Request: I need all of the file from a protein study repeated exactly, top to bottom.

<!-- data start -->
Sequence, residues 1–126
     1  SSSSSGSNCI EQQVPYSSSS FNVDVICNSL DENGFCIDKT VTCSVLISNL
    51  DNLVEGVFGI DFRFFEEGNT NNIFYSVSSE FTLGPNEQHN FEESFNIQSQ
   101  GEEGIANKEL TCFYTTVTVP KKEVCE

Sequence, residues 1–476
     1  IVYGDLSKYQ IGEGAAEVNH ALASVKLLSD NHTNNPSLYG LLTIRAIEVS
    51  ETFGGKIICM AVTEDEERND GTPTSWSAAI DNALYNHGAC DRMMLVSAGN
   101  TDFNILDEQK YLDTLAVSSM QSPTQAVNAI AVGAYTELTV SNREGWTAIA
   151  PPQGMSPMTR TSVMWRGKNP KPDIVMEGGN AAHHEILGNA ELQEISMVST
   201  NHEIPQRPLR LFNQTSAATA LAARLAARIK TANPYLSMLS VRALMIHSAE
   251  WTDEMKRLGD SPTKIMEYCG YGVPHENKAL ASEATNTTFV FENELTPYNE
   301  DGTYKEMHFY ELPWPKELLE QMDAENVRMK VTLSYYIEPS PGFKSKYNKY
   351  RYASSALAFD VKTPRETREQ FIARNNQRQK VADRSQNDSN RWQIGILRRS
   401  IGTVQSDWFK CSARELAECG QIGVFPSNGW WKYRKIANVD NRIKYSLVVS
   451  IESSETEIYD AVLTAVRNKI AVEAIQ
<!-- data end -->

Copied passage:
Sequence, residues 1–126
     1  SSSSSGSNCI EQQVPYSSSS FNVDVICNSL DENGFCIDKT VTCSVLISNL
    51  DNLVEGVFGI DFRFFEEGNT NNIFYSVSSE FTLGPNEQHN FEESFNIQSQ
   101  GEEGIANKEL TCFYTTVTVP KKEVCE

Sequence, residues 1–476
     1  IVYGDLSKYQ IGEGAAEVNH ALASVKLLSD NHTNNPSLYG LLTIRAIEVS
    51  ETFGGKIICM AVTEDEERND GTPTSWSAAI DNALYNHGAC DRMMLVSAGN
   101  TDFNILDEQK YLDTLAVSSM QSPTQAVNAI AVGAYTELTV SNREGWTAIA
   151  PPQGMSPMTR TSVMWRGKNP KPDIVMEGGN AAHHEILGNA ELQEISMVST
   201  NHEIPQRPLR LFNQTSAATA LAARLAARIK TANPYLSMLS VRALMIHSAE
   251  WTDEMKRLGD SPTKIMEYCG YGVPHENKAL ASEATNTTFV FENELTPYNE
   301  DGTYKEMHFY ELPWPKELLE QMDAENVRMK VTLSYYIEPS PGFKSKYNKY
   351  RYASSALAFD VKTPRETREQ FIARNNQRQK VADRSQNDSN RWQIGILRRS
   401  IGTVQSDWFK CSARELAECG QIGVFPSNGW WKYRKIANVD NRIKYSLVVS
   451  IESSETEIYD AVLTAVRNKI AVEAIQ